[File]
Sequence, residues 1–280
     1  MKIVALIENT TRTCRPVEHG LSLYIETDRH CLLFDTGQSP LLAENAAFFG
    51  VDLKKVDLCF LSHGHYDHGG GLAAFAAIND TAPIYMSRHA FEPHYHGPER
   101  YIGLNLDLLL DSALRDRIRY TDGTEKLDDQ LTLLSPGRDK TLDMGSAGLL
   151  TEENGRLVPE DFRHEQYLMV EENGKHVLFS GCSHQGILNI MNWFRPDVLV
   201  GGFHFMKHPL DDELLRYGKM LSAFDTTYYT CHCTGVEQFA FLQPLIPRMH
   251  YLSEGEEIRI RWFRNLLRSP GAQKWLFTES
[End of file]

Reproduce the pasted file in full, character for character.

Sequence, residues 1–280
     1  MKIVALIENT TRTCRPVEHG LSLYIETDRH CLLFDTGQSP LLAENAAFFG
    51  VDLKKVDLCF LSHGHYDHGG GLAAFAAIND TAPIYMSRHA FEPHYHGPER
   101  YIGLNLDLLL DSALRDRIRY TDGTEKLDDQ LTLLSPGRDK TLDMGSAGLL
   151  TEENGRLVPE DFRHEQYLMV EENGKHVLFS GCSHQGILNI MNWFRPDVLV
   201  GGFHFMKHPL DDELLRYGKM LSAFDTTYYT CHCTGVEQFA FLQPLIPRMH
   251  YLSEGEEIRI RWFRNLLRSP GAQKWLFTES